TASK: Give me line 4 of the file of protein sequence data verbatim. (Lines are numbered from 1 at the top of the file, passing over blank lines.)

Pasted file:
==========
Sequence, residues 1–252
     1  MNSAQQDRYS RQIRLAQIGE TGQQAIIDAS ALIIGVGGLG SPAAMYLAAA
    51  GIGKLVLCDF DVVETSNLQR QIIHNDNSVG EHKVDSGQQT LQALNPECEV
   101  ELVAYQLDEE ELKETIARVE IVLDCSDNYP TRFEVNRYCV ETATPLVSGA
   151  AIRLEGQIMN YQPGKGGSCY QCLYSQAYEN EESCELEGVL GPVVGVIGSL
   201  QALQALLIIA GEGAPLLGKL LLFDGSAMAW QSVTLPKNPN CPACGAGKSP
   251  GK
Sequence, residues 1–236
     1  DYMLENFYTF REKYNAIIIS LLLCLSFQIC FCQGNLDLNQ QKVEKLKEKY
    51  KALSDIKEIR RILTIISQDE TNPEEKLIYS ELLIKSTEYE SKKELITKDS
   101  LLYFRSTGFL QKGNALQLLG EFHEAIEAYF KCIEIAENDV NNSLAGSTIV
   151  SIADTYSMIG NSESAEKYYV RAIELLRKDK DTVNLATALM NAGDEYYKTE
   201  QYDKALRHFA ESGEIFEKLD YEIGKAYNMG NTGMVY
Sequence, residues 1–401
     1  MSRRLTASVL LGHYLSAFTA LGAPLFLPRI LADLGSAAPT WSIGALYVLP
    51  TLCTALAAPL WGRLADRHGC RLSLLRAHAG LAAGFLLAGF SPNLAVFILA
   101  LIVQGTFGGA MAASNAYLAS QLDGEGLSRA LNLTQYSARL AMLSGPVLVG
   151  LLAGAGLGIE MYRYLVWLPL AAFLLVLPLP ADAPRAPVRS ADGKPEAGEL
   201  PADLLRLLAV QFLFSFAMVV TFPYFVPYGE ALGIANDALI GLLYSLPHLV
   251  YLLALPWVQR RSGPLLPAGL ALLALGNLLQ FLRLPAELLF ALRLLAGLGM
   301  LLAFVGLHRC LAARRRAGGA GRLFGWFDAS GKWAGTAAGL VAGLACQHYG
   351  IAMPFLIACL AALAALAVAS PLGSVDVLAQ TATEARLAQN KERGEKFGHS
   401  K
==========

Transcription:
   101  ELVAYQLDEE ELKETIARVE IVLDCSDNYP TRFEVNRYCV ETATPLVSGA